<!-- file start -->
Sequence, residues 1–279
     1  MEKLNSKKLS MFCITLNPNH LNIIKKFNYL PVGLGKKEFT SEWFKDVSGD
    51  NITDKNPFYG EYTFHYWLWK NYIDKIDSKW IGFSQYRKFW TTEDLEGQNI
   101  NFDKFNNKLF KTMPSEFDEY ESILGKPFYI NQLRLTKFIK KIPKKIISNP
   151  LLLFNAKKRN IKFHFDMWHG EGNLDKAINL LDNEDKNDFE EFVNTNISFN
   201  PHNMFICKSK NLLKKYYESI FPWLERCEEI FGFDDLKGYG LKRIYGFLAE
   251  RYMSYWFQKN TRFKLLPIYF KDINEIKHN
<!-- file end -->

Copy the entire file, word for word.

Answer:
Sequence, residues 1–279
     1  MEKLNSKKLS MFCITLNPNH LNIIKKFNYL PVGLGKKEFT SEWFKDVSGD
    51  NITDKNPFYG EYTFHYWLWK NYIDKIDSKW IGFSQYRKFW TTEDLEGQNI
   101  NFDKFNNKLF KTMPSEFDEY ESILGKPFYI NQLRLTKFIK KIPKKIISNP
   151  LLLFNAKKRN IKFHFDMWHG EGNLDKAINL LDNEDKNDFE EFVNTNISFN
   201  PHNMFICKSK NLLKKYYESI FPWLERCEEI FGFDDLKGYG LKRIYGFLAE
   251  RYMSYWFQKN TRFKLLPIYF KDINEIKHN